The mules of Wall Street were back at it again, buying the dips after the overnight whoosh downward in the futures market. Apparently, it will take an actual two-by-four between the eyes to break a habit that has been working for 96 months now since the March 2009 post-crisis bottom.
We think it is plain as day, however, that we are in a new ball game that the "stimulus-blinded” mules don’t see coming at all. To wit, they have been juiced for eight years running by the Keynesian apparatchiks at the Fed who needed permission from exactly no one to run the printing presses full tilt or to rescue the market with a new round of QE or an extension of ZIRP whenever the indices began to wobble.
But now, even the money printers have made it clear in no uncertain terms that they are done for this cycle, anyway, and that they will be belatedly but consistently raising interest rates for what ought to be a truly scary reason.
That is, the denizens of the Eccles Building have finally realized that they have not outlawed the business cycle after all and need to raise rates toward 2-3% so that they have headroom to "cut" the next time the economy slides into the ditch.
In effect, the Fed is saying to Wall Street: "Price in" a recession because we are!
After all, our monetary central planners are not reluctantly allowing interest rates to lift off the zero bound because they have become converts to the cause of honest price discovery—-nor are they fixing to liberate money rates, debt yields, and the prices of stocks and other financial assets to clear on the free market.
Instead, they are merely storing up monetary ammo for the next downturn.
But the Wall Street mules keep buying the dips anyway because they are under the preposterous delusion that one source of "stimulus" is just as good as the next.
And since the gamblers have now decreed that the "stimulus" baton be handed off to fiscal policy, it only remains for Congress and the White House to shape up and get the job done with all deliberate speed.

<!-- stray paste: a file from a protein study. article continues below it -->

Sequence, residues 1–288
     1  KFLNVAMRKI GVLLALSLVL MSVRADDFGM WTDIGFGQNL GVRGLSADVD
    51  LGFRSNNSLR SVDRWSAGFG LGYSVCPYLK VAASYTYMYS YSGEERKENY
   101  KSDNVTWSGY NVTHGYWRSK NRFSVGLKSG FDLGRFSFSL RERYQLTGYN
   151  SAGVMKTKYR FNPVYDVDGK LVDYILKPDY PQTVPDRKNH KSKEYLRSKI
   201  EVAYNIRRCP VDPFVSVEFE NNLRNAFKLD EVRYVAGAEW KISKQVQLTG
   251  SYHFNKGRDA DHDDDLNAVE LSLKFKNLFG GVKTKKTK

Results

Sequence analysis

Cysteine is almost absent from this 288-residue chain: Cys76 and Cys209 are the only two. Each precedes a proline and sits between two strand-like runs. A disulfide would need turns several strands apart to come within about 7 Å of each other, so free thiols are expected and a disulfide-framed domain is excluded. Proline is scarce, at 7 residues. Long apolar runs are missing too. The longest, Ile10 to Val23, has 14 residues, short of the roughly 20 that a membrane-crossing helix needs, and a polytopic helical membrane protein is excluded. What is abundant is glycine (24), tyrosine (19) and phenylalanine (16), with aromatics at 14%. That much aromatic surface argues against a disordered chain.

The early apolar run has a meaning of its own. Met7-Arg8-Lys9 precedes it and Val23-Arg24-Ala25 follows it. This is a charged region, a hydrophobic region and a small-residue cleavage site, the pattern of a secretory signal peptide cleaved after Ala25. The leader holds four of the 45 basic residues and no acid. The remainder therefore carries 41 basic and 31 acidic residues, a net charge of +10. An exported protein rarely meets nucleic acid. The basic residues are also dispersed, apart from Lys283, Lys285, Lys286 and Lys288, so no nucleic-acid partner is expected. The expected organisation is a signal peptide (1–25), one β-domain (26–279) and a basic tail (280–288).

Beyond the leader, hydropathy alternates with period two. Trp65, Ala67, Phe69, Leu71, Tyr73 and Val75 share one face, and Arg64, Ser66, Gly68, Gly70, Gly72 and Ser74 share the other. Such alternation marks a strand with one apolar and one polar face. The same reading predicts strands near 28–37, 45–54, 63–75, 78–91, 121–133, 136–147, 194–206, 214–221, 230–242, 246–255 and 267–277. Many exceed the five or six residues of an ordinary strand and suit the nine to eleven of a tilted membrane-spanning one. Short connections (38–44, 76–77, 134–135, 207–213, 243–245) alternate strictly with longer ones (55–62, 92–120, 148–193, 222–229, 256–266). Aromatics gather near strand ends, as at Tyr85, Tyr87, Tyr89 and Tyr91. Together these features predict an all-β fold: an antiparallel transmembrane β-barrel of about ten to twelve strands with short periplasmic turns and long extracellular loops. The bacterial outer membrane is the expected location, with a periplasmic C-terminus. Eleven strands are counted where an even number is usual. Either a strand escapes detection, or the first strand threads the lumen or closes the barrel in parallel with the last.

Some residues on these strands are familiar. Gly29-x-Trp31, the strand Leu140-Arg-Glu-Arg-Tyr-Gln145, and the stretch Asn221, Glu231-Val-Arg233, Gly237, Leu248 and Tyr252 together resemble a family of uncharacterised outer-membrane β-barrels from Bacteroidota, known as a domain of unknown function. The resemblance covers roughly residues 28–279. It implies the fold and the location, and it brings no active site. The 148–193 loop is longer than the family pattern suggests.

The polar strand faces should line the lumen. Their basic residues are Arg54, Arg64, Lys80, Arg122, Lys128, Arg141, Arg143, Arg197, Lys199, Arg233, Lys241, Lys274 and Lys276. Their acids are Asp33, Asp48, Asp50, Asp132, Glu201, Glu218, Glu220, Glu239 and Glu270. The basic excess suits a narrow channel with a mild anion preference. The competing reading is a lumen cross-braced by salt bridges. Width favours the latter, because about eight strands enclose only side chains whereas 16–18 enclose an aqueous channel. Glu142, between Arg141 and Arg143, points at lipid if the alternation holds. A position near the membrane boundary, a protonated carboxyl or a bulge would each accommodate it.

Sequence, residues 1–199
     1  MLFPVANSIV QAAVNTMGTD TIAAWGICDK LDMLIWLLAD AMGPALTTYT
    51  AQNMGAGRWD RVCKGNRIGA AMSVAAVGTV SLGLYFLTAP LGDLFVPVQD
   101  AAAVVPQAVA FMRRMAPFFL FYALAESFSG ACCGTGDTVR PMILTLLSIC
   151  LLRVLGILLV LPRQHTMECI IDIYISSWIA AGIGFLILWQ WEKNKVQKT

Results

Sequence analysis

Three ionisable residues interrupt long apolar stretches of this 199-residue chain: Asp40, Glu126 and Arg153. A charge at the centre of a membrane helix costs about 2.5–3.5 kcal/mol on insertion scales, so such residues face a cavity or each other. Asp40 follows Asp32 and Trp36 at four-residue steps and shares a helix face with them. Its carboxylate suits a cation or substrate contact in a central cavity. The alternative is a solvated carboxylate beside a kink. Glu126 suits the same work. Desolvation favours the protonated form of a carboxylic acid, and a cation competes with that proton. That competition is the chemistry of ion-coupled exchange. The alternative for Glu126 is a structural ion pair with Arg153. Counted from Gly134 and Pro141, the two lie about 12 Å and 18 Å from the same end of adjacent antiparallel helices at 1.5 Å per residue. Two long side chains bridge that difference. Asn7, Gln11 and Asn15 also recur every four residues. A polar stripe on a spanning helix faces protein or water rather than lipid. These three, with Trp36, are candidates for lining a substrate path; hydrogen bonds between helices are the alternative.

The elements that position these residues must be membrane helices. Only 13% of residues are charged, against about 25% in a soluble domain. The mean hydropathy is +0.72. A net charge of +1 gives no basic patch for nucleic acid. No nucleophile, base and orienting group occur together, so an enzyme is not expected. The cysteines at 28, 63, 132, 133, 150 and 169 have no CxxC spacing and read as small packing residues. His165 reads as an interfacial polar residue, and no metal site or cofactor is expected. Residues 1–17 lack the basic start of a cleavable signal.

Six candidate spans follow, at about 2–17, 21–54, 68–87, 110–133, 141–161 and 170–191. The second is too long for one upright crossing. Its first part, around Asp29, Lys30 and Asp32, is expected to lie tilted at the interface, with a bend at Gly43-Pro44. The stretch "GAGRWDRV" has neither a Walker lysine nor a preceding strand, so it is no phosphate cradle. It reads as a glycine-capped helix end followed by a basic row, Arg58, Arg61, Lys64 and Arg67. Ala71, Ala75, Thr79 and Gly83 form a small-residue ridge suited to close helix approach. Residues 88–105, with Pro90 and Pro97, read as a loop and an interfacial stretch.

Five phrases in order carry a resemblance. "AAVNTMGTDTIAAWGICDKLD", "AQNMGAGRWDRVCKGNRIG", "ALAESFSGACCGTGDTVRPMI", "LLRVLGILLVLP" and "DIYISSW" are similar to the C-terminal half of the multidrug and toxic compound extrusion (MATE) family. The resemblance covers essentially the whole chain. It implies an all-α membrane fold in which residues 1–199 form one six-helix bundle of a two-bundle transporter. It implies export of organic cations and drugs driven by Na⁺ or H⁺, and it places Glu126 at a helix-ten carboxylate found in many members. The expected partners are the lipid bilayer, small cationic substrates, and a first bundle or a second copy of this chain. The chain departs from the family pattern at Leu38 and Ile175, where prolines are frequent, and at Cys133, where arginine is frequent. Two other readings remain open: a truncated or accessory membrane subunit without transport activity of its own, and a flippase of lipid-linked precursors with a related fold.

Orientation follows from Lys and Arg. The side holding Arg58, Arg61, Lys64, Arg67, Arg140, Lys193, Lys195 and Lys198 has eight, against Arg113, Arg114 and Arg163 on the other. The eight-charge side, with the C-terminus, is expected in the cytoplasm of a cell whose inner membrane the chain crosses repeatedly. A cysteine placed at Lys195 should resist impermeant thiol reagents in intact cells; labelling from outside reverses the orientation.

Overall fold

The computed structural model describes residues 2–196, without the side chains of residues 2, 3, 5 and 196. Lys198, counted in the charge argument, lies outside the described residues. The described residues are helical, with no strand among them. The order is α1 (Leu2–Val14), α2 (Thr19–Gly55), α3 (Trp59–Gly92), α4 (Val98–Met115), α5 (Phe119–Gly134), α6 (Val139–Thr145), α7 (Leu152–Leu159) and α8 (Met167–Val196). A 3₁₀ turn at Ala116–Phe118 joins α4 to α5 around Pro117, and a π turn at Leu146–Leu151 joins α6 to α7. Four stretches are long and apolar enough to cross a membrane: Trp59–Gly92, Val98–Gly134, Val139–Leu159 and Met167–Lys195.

But they won’t.
Not in a million years.
The massive Trump tax cut and infrastructure stimulus is DOA because Uncle Sam is broke and the U.S. economy has slithered into moribund old age.
In that context, it’s not remotely the same as the 12 members of the FOMC sitting behind closed doors for two days jawing about the short-term economic weather; and then at the conclusion of their gabfest, ordering the New York Fed’s open market desk to flood the canyons of Wall Street with cash by buying another $80 billion of bonds with digital credits conjured from thin air.
Au contraire. Fiscal policy is inherently an exercise in herding cats and an especially impossible one when the cupboards are bare.
The essence of the matter at the present state of play is the legislative equivalent of "no ticky, no washy."
Without a 10-year budget resolution for FY [fiscal year] 2018 and associated reconciliation instructions, there is no possibility of passing a tax bill or even an infrastructure spending boondoggle.
But hammering out a budget resolution, passing it in each house, and reconciling the differences in conference would take months under the best of circumstances. But given the parlous state of Uncle Sam’s fiscal condition and the partisan acrimony that already suffuses Washington in the era of Trump, passage of a budget resolution by summer would be a miracle in itself.
Indeed, even the thought of surmounting this next daunting legislative obstacle course puts to rest this week’s particular Wall Street fantasy. Namely that after being burned by the Freedom Caucus on Obamacare Lite, the Trump White House will now "pivot" to the middle and form a coalition with the Democrats to make a deal on corporate tax cuts and infrastructure spending.
Yes, and if dogs could whistle, the world would be a chorus.
That is to say, there is no conceivable fiscal policy menu that could be agreed upon by Speaker Ryan, Nancy Pelosi, Chuck Schumer, and the Donald, and then be shoe-horned into a 10-year budget resolution.
Yet without a budget resolution and reconciliation instructions, there is not a fiscal stimulus "ticky" and no grand bipartisan compromise on building airports and slashing corporate tax rates.
So what lies directly ahead, therefore, is another bumbling attempt by the White House and Congressional Republicans to hammer out an FY 2018 budget resolution and what amounts to a 10-year fiscal plan. And it is there where the whole fantasy of the Trump Stimulus comes a cropper.
There are not remotely 218 GOP votes for what would be a $12 trillion-13 trillion add to the national debt with the Trump Stimulus program over the next decade—-even with all the "dynamic" scoring and revenue "reflows" that are imaginable.
To be sure, this is why the GOP Congressional leadership stoutly insists on a deficit-neutral tax cut. They are keenly aware of the debt monster they have been kicking down the road—-even if the headline-reading robo-traders of Wall Street are not.
What that means, in turn, of course, is that the rapidly fracturing Trump/Republican coalition must find the offsets on the spending side of the ledger.
In short, the whole enterprise amounts to budgetary madness and demonstrates the monumental magnitude of the Debt Trap that has enveloped the Imperial City.
And the “buy the dip” crowd will soon be getting that two-by-four between the eyes.